There is a coup in marketing today. It’s been slowly building for the better part of a decade, a new wave of marketing and brand-to-customer communication that doesn’t lean on excessive advertising budgets, untraceable Nielsen ratings or the unethical exploitation of customer data.
With each passing year, these and other factors continue to erode consumers’ trust in businesses. Inauthentic ad campaigns, security breaches and PR snafus from some of the most influential companies in the world largely spoil it for the rest, and the burden falls on marketing and PR departments to earn back customers’ trust.
More and more brands are realizing that the best strategy to address such challenges is to remove themselves from the conversation entirely, and to focus almost exclusively on solving their customers’ problems. When content is useful to the customer, it’s by definition useful to the brand. The opposite is not always true.
Meeting customers where they are—rather than where a brand wants them to be—without focusing on the usual desired marketing outcomes of generating leads and driving sales inevitably does both. Customers aren’t stupid; they realize when they’re being shamelessly marketed to and when a brand is actually trying to help them without requesting something back. And they vastly prefer the latter.
It’s why the content marketing industry is growing at about 16 percent annually, and will be worth more than $400 billion by 2021. It’s quickly graduating from an effective means of communicating with customers to a necessary one. The vast majority of customers in both B2B and B2C industries expect brands to create content, which they consume in large amounts before making a purchasing decision. Market research firm Forrester found that people engage with 11.4 pieces of content before a purchase.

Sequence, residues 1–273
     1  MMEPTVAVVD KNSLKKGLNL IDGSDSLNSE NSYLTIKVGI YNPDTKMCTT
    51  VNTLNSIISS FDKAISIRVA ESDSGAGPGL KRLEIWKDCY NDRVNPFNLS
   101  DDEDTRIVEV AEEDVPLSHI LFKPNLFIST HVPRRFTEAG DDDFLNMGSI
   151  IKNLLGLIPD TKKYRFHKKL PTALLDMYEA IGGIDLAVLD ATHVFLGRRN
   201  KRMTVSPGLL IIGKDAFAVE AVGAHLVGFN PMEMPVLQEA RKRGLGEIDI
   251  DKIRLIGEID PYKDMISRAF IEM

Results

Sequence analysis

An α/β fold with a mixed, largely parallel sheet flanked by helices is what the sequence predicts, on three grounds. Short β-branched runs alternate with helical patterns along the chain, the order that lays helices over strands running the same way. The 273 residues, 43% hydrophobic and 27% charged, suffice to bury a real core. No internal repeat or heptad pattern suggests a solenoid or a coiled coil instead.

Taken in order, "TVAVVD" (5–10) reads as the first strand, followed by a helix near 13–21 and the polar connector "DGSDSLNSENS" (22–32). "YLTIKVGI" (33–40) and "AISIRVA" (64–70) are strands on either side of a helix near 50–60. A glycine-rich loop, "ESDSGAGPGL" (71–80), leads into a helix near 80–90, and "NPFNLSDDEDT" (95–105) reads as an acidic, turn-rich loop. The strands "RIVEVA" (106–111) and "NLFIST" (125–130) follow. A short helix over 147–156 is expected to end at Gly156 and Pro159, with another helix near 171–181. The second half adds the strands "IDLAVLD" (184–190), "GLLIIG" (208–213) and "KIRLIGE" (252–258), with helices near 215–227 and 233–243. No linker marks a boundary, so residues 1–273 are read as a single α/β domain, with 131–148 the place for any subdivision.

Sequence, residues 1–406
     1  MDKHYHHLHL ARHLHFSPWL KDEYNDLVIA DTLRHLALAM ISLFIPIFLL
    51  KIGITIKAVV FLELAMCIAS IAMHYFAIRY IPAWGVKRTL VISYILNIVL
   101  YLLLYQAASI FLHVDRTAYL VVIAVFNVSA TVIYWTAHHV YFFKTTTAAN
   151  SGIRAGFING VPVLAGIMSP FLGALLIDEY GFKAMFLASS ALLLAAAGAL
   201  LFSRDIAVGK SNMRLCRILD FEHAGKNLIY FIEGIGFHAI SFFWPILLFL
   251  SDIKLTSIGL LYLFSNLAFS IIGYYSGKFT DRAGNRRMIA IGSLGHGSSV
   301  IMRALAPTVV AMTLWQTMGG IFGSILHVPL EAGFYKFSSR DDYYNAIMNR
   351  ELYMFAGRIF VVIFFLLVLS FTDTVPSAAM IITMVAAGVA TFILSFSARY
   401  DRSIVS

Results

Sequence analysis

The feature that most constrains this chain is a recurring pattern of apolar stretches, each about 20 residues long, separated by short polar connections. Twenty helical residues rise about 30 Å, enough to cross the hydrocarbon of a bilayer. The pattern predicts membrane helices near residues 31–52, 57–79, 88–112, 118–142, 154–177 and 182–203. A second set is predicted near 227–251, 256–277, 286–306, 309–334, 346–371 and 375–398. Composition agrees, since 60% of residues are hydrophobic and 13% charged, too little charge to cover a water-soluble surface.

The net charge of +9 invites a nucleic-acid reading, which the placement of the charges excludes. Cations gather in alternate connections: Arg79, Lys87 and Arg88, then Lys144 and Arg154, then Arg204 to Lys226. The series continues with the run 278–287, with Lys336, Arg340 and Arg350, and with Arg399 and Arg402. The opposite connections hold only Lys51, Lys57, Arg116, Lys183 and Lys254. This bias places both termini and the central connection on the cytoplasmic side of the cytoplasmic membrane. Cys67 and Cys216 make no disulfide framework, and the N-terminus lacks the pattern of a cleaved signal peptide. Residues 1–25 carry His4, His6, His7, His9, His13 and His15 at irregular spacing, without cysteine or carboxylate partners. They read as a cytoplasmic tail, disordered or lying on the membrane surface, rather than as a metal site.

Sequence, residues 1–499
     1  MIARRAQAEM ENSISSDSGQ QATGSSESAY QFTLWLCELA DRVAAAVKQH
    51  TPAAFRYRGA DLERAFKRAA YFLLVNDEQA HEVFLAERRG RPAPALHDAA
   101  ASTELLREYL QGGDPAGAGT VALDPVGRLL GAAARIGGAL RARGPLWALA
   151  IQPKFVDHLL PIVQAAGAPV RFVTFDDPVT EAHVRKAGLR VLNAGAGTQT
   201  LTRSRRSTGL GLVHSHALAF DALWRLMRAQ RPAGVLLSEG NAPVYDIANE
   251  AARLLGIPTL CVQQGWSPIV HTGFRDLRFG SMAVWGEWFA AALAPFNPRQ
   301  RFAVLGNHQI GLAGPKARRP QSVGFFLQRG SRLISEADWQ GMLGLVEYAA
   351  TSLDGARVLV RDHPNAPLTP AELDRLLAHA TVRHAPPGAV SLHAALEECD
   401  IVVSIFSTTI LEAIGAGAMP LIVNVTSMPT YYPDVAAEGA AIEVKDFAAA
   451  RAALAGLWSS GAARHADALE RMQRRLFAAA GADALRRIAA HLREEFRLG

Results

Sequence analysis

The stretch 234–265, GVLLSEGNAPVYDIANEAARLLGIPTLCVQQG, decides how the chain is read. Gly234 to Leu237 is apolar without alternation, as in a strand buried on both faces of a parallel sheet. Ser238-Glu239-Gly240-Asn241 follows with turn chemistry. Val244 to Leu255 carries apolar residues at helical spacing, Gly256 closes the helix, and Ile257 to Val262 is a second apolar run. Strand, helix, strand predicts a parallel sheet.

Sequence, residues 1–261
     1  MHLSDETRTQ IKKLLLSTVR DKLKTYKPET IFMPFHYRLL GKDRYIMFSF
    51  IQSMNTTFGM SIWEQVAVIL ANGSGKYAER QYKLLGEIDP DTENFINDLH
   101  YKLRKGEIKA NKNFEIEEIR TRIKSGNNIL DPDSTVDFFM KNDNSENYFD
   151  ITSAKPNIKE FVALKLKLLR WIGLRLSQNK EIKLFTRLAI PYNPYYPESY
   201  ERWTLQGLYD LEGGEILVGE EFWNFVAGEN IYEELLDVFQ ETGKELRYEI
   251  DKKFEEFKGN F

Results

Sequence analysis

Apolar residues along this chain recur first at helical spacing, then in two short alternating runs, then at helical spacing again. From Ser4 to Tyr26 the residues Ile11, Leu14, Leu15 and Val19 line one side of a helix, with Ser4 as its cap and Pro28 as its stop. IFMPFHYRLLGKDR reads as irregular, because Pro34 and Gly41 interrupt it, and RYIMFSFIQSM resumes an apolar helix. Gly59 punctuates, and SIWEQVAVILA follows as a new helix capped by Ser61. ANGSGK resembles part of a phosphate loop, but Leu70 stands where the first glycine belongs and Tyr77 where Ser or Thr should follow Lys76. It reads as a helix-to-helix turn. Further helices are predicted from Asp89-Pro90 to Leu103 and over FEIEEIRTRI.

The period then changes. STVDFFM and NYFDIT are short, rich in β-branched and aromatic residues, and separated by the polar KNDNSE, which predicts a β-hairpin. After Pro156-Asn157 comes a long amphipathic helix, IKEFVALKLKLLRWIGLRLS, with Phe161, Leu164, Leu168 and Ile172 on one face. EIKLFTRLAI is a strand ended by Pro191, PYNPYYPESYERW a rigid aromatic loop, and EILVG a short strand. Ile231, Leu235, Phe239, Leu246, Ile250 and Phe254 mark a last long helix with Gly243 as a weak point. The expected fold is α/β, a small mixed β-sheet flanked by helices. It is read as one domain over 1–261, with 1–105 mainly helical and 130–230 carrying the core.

People also place greater trust in brands that create content designed to educate rather than to sell. The 2018 Content Preferences Survey found that 88 percent of B2B purchasers prefer content that is focused more on education than on product specifics.
It’s also crucial to understand that more content does not necessarily mean a better content strategy. The amount of stuff already on the internet can be very overwhelming for customers looking to make a purchase. The real value of content comes in its ability to be repurposed. An op-ed for an industry publication turns into a blog series for the website. A webinar turns into a white paper. A video from an executive turns into a podcast. The best content strategies can be repurposed across channels, optimizing the resources required to create them, minimizing the time required of subject matter experts and creating an echochamber of useful information that can accompany a customer along each stage of the buyer’s journey and each layer of the sales funnel.